With the silos positioned prominently in the middle of Omaha along Interstate 80, a major artery that moves from the east coast to the west with 450 miles through the state of Nebraska, Brian Kelly, an Omaha architect and educator approached his submission as a prime opportunity for initiating dialogue about the issues affecting the population both locally and globally. Rather than attempting to resolve an architectural design problem, he is interested in encouraging an exchange of ideas about the possible reuse of agricultural and industrial relics such as these, and the catalytic change that urban infill can generate. His idea seeks to simultaneously celebrate the silo’s history and suggest a rejuvenation of the edifice that points to a synergetic contemporary culture and its lifestyles.
As an architect, educator, and amateur photographer, Brian has a deep fascination with the power of the image and the ability of Montage Theory to create, as Sergei Eisnstein called it, “tertium quid” or third thing. This theory suggests that the assemblage of various, unrelated sequences in a film may be combined to produce a situation where the sum is greater than its parts. In concre(A)te synergies, a series of images of unrelated building components were assembled to create a visual alluding to something outside itself.
In the interest of legibility, readily recognizable symbolic forms are used to communicate the new livable function. Additive elements such as stairs, planters, and shutters are juxtaposed against the subtractive elements of window voids that penetrate the massive cylindrical volume contained within. This legibility is assisted by conveying scale through repetitive (and easily recognizable) elements that suggest floor levels and internal spatial arrangements.
A technique of photo montage was used to create clarity and association with the proposal. For the sake of cohesion, static building elements, which are the vehicles for the activity of life, such as the stairs, were left grey tone. Components of the graphic depicting life, such as the people, planters, and the interior face of the shutters, were intentionally saturated with color. Existing grain movement equipment, re-purposed as parasitic planters, are precariously positioned along the silo. These planters suggest that they are only there for a short time, and that tomorrow they may possibly be above, below, or on an adjacent silo. Together, these elements and techniques suggest the potential synergy that can be created through the unique association between existing context and a new injected use.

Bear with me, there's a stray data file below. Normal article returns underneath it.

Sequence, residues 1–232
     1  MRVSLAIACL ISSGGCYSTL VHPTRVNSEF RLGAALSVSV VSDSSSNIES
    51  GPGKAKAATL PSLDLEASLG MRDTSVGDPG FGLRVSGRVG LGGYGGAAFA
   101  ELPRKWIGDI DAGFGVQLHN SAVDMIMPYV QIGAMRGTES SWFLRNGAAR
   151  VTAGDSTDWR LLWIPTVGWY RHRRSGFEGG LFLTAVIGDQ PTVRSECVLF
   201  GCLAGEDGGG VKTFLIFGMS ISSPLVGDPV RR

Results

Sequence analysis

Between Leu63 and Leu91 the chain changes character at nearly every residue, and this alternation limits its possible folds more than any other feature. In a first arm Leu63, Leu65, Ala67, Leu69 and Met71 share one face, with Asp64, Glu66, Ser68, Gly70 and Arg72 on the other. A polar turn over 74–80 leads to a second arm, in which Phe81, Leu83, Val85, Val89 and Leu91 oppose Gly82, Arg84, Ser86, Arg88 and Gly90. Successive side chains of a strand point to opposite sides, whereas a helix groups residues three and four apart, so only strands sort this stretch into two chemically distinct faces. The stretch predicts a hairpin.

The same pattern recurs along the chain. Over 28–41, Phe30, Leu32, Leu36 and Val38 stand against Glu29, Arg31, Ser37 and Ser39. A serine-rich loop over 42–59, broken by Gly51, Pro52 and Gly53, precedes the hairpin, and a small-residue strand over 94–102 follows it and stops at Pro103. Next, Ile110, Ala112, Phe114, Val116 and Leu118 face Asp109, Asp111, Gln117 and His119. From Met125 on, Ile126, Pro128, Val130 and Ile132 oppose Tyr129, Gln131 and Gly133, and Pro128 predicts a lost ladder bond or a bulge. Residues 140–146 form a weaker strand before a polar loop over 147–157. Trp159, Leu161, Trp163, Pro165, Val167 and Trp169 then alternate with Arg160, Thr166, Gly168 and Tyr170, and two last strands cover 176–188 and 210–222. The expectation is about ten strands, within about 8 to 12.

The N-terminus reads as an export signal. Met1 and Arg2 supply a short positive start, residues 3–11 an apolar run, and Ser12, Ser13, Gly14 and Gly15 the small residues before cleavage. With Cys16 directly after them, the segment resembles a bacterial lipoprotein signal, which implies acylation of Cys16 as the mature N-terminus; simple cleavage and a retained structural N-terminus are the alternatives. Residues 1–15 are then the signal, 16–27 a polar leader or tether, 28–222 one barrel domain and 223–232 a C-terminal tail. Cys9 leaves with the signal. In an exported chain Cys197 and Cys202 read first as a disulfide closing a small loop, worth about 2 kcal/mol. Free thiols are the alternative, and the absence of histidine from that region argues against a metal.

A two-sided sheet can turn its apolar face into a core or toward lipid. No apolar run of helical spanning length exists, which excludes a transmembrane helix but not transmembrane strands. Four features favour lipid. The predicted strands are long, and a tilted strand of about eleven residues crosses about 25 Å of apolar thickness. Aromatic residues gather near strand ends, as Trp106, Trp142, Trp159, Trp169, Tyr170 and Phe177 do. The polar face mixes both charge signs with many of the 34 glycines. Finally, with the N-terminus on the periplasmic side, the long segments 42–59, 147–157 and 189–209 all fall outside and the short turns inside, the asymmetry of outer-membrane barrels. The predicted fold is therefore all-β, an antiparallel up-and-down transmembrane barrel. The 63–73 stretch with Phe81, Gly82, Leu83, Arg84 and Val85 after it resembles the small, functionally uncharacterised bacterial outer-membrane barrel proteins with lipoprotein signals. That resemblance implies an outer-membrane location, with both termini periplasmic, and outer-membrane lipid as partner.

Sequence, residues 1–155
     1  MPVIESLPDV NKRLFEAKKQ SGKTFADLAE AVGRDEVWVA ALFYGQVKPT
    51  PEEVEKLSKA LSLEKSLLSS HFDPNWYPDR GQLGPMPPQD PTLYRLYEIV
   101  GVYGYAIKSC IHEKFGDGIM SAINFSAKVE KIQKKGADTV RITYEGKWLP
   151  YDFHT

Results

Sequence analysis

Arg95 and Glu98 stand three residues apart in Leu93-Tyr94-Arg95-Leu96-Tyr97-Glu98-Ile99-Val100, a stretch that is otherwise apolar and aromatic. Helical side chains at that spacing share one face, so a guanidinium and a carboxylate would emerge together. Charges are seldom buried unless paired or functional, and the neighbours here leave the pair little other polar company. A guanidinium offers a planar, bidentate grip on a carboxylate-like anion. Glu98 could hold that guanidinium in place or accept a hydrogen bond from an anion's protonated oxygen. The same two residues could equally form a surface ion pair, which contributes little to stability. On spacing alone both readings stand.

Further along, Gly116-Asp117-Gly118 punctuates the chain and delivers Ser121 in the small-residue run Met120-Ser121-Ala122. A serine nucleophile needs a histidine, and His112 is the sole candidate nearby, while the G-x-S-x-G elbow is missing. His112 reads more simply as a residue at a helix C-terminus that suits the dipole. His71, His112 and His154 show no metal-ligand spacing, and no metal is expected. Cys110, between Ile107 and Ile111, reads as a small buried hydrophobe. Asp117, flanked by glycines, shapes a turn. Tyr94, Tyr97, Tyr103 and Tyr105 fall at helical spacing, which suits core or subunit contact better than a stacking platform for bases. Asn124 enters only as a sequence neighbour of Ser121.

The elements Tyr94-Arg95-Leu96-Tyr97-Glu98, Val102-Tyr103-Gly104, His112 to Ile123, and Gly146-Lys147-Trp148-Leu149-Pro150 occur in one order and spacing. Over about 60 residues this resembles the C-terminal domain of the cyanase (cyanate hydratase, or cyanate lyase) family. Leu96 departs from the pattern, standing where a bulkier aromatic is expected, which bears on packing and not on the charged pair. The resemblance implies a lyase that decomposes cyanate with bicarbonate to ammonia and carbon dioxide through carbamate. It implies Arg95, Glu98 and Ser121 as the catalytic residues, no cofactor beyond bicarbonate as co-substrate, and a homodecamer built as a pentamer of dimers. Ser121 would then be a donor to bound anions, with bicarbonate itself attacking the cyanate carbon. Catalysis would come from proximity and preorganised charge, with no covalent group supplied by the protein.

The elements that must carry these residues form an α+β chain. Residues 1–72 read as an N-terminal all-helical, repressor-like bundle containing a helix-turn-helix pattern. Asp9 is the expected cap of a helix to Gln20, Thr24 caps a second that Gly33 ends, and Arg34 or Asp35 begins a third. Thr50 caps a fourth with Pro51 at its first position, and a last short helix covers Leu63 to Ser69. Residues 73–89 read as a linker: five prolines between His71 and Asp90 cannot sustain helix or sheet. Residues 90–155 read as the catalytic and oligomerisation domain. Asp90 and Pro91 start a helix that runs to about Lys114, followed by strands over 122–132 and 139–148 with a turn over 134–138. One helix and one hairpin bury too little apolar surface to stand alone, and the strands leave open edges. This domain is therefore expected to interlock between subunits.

Brian M. Kelly, RA is an Assistant Professor of Architecture at the University of Nebraska at Lincoln College of Architecture. His previous teaching experience includes Drury University’s Hammons School of Architecture in Springfield, MO and California Polytechnic State University at San Luis Obispo. Prior to joining the faculty at UNL, Brian served as lead designer in the office of Randy Brown Architects, designing several award-winning projects of various types and scales. In addition to teaching, he and his wife, Andrea, have recently started their own practice, ATOMdesign, focusing on smaller scale architectural projects, objects, and graphics.
Brian’s teaching focus is in the areas of beginning design, architectural representation theory, and the craft of making. His student work has been featured in academic journals and his design work has been published nationally and internationally.